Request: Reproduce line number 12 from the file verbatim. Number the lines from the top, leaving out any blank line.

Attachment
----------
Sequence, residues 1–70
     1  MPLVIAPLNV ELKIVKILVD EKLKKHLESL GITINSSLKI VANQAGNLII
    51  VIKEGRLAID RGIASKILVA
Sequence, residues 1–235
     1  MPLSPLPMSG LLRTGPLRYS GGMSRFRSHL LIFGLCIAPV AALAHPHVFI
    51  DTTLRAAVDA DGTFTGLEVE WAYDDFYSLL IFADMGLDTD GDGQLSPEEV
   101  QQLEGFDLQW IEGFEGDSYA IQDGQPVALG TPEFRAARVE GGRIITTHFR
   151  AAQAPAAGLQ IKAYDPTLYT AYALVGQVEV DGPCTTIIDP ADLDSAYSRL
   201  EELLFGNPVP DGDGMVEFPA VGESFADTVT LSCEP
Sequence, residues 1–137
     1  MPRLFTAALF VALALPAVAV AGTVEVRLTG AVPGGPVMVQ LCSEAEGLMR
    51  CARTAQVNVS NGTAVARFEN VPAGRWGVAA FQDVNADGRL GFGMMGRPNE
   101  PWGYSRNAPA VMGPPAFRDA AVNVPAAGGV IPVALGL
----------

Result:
    51  CARTAQVNVS NGTAVARFEN VPAGRWGVAA FQDVNADGRL GFGMMGRPNE